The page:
Piano Fire

By Emerson, Claudia | The Virginia Quarterly Review, Summer 2006 | Go to article overview

Piano Fire


Emerson, Claudia, The Virginia Quarterly Review


How she must have dreaded us and our sweaty coins, more

than we hated practice, the lessons, scales, the winter-hot parlor,

her arthritic hands, the metronome's awful tick. She lectured

to us about the history of the piano: baby and concert grand,

spinet and player had come across oceans in the holds of ships,

across continents in mule-drawn wagons, heavier than all the dead

left behind. On her face we could see the worry: all the struggle had come

to this, the tacky black upright she had once loved haunting the room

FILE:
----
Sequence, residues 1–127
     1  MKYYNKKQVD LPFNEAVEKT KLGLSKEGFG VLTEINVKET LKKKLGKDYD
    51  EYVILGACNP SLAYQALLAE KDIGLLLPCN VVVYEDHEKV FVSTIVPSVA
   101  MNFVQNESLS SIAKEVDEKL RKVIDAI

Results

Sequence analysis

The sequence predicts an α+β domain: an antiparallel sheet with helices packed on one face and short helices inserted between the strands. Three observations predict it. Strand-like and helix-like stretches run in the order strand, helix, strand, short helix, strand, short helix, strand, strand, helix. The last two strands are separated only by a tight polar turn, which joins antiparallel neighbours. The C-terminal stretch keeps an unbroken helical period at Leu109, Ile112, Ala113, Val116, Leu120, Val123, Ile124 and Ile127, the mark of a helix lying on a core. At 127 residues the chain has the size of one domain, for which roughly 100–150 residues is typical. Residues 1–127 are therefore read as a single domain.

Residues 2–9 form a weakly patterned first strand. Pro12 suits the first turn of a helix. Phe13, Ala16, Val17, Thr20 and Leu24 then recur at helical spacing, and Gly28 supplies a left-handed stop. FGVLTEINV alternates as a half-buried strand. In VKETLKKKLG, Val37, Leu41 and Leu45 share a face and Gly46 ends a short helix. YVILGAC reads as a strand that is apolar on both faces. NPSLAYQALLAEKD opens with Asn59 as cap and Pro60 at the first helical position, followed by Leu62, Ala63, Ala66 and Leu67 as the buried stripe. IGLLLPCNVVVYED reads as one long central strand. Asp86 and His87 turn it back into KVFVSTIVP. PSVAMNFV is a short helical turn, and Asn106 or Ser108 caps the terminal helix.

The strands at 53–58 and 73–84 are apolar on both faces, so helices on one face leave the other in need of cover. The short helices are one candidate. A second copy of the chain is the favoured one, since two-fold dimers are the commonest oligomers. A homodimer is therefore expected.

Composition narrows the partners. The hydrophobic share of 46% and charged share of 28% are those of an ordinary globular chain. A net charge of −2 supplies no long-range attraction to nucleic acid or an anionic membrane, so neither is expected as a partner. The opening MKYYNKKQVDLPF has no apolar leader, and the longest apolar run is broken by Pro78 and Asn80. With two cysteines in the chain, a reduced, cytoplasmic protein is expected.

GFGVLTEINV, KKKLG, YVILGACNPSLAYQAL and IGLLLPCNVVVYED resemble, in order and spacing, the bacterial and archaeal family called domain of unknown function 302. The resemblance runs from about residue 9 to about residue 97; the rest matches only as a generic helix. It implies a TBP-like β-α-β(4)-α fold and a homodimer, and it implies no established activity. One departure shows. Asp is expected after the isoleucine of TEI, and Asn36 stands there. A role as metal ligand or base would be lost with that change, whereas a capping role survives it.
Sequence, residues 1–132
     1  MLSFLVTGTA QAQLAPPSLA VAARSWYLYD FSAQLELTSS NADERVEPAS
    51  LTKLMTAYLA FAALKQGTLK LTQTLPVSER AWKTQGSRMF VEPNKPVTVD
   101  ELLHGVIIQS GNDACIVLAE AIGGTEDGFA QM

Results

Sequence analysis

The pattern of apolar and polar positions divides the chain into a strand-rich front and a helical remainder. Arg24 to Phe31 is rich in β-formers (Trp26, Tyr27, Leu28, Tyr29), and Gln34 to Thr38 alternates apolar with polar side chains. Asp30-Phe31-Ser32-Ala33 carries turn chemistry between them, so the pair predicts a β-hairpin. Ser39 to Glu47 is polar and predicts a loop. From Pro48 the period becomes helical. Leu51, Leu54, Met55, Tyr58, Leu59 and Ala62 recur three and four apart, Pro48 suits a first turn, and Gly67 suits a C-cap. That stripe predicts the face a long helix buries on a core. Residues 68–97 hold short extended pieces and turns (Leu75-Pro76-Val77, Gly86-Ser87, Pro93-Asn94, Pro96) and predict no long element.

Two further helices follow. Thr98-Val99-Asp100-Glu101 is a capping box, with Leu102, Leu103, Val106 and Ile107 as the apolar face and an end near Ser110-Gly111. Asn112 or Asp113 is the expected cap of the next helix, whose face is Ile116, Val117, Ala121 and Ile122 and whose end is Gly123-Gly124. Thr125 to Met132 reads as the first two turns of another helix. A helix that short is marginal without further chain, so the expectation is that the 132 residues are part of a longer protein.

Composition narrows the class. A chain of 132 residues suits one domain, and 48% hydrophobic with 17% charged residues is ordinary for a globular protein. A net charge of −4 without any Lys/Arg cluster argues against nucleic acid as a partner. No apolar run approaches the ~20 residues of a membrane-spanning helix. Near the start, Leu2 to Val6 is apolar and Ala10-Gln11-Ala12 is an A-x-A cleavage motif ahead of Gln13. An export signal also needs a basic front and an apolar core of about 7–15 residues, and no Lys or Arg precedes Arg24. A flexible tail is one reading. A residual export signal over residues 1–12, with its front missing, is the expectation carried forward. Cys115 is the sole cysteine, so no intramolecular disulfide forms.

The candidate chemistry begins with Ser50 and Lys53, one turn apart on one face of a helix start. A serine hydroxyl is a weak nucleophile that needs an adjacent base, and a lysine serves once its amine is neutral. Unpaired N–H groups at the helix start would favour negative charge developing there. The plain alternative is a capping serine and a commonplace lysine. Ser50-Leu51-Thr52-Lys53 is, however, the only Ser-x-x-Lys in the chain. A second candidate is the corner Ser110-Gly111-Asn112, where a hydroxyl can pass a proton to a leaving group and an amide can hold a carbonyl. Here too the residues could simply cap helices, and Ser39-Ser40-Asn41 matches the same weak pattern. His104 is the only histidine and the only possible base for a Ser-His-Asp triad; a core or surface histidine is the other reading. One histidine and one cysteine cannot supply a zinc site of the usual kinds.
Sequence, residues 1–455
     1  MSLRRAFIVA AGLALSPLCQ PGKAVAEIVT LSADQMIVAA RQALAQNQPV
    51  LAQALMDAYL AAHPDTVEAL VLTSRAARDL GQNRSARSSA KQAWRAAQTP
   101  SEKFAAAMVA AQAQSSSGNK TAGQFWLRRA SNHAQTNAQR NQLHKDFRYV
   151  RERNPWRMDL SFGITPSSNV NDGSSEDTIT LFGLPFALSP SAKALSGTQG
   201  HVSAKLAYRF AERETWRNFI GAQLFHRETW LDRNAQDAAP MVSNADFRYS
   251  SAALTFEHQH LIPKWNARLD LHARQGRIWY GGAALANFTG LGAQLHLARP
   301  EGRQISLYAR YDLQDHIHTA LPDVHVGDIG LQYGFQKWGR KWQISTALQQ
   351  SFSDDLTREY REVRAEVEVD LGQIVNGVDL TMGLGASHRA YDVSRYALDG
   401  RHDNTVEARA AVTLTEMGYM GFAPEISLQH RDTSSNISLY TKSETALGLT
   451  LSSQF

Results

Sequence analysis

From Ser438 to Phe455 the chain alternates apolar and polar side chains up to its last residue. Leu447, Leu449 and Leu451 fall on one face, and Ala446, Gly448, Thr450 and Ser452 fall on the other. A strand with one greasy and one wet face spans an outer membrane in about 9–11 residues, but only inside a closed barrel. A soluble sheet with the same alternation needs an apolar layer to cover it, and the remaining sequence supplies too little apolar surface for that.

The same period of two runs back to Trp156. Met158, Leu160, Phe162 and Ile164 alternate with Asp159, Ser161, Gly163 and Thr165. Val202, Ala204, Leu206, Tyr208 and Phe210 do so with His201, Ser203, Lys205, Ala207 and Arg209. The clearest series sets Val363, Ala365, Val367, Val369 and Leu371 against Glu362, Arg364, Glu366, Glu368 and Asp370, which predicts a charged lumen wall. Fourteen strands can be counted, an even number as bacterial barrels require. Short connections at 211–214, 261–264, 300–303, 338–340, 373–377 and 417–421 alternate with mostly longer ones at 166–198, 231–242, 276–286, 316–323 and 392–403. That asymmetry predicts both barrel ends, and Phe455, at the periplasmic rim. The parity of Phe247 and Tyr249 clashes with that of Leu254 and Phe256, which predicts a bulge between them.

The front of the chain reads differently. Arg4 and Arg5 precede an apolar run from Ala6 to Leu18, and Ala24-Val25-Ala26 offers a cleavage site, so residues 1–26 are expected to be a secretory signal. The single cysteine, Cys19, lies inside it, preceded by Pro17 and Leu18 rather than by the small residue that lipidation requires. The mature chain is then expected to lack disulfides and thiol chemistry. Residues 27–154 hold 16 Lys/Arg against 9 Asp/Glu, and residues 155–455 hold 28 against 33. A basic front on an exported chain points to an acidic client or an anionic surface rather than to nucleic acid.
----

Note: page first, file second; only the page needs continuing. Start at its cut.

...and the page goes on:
it could never leave. And her piano was now part of a mute,

discordant population doomed to oldfolks homes, bars, church basements,

poolhalls, funeral parlors-or more mercifully abandoned

on back porches where at least chickens could nest, or the cat have kittens.

So when she could no longer play well enough even to teach us,

she hired some of the men to haul out and burn the piano

in the field behind the house. …

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